Guatemala's first president with a military background in 25 years said Tuesday the drug war can't be won with arms alone, and pledged that his administration will focus on fighting hunger, which he called a security problem.
In an interview with The Associated Press one day after he promised to propose legalizing drugs in Guatemala, President Otto Perez Molina said the Central American country isn't following U.S. orders, despite American opposition to legalization.
"We are not doing what the United States says, we are doing what we have to do," said Perez, who was elected on promises of an "iron-fist" approach to rampant crime and surprised observers by proposing drug legalization.
Perez, a retired army general who took office one month ago, said his proposal to legalize drugs does not represent an about face from his campaign, in which he promised to get tough on crime.
He said he has always focused on a more comprehensive approach for addressing one of the highest murder rates in the world.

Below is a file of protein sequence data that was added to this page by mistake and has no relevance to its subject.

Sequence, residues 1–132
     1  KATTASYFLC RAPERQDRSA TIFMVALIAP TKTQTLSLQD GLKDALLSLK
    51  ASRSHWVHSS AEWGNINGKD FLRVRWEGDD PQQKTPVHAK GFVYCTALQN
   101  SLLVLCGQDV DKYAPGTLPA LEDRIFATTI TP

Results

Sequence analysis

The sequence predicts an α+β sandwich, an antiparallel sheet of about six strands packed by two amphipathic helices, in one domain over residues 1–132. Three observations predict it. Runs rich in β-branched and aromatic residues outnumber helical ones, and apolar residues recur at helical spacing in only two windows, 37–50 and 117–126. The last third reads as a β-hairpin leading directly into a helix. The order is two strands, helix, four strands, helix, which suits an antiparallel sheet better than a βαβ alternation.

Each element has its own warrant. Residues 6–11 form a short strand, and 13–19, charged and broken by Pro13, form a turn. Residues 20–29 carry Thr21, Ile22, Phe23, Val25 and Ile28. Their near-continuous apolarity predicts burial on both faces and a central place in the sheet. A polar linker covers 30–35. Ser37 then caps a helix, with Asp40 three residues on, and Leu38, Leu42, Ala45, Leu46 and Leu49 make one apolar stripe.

"Hunger is also violence, and is also a security problem," he said.
The outside world "has only focused on the fact that I am a retired general and participated in the domestic armed conflict," he said, referring to Guatemala's 1960-1996 civil war, in which an estimated 200,000 people were killed.
Guatemala needs "to find alternate ways of fighting drug trafficking. In the last 30 years with a traditional combat with arms and deaths, it can't be done, and we have to be open to viable alternatives."
On Monday, Perez said he will try to win regional support for drug legalization at an upcoming summit of Central American leaders next month.
The U.S. Embassy in Guatemala issued a statement Sunday saying that legalizing drugs wouldn't stop transnational gangs that traffic not only drugs, but also people and weapons.
Drug cartels have taken over large swathes of Guatemala and other Central American countries, fueling some of the highest murder rates in the world. A May 2011 report by the U.S. Congressional Research Service said that 95 percent of all cocaine entering the United States flows through Mexico and its waters, with 60 percent of that cocaine having first transited through Central America.
Authorities say both the Zetas and the Sinaloa cartels from Mexico are running and processing drugs in Guatemala and may be competing for territory, especially in the province of Peten near the border with Mexico.